When I last left you. It was an edge of the seat ending. The weather had turned, we had missed our convoy and we were about to lose our internet connection.
The weather was really something. We had a wind of up to 50 knots blowing straight at us and 5 meter waves to match. I took some footage of the waves from the safety of the bridge. Actual footage does not do it justice hopefully the words will.
You can see the bow getting covered with water. We are some 15 meters behind the bow and quite elevated in the bridge.
The only thing that could have made it more exciting would have been going to the bow to do some work. Imagine my glee when I was ordered to go and investigate the suspicious looking rescue tender. Now I have mentioned cleaning cleaning products before. Rescuing a rescue tender is probably in the same realm of work place sentence inanity.
Luckily for me, El Fuerte and our chief officer Dragan came along. Uncle Phil was strangely missing. He was happy to tell us afterwards that he had been blissfully asleep in the crew lounge. Initial diagnosis of the tender was not good. The heavy pitching of the bow had ripped all of the fixing shackles off the tender.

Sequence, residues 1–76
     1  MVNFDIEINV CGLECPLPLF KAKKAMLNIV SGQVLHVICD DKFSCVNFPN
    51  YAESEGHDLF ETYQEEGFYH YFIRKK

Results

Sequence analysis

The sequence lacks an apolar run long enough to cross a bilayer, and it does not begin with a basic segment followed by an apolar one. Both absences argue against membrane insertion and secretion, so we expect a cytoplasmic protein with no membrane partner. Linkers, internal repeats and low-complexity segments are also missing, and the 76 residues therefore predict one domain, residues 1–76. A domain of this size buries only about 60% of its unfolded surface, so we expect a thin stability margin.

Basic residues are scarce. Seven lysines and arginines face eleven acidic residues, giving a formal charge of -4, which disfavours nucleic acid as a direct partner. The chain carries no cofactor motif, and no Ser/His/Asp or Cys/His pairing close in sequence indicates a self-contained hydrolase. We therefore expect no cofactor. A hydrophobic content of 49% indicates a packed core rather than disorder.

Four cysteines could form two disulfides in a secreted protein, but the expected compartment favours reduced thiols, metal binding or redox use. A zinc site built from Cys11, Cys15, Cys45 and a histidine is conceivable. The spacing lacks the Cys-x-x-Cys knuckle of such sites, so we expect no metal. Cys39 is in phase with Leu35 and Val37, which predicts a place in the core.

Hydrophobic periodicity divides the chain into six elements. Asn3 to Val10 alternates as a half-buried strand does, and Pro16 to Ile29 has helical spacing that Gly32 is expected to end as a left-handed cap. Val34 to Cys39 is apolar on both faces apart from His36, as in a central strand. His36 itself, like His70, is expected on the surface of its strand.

The tender had then been pushed backwards and had come to a stop wedged under the crane. The jet engine was damaged and the tender was full of water causing all of the safety equipment to swim. It was heartening to know the hydrostatic release on the remaining life jacket worked.
We set about trying to tie the tender down. Danger levels were rising when I took my first wave of water in the stomach. My second round with Neptune caused me to fall over backwards. Luckily I broke my fall on my neck with a handily placed bench seat. El Fuerte was washed off his feet. Dragan held onto the tender and nearly broke his leg wedged between a capstan from the force of the water. Dragan quietly told us quite loudly that we had to get out of here and our situation was FUBAR. The third round with Neptune caused me to get washed under the broken tender. El Fuerte was sent careening between Dragan’s legs in a most undignified fashion. It was time to abandon the tender. It wasn’t going anywhere and it was not going to be rescuing anyone for a while.
I do believe I was in a mild form of shock after fighting Neptune. We were all very lucky none of us was not seriously injured or washed overboard. My ipod was not lucky. Even being inside a Gill suit was not enough protection for him. The tender is a write off. We are going to replace it with something a bit more hardy and with a detachable engine.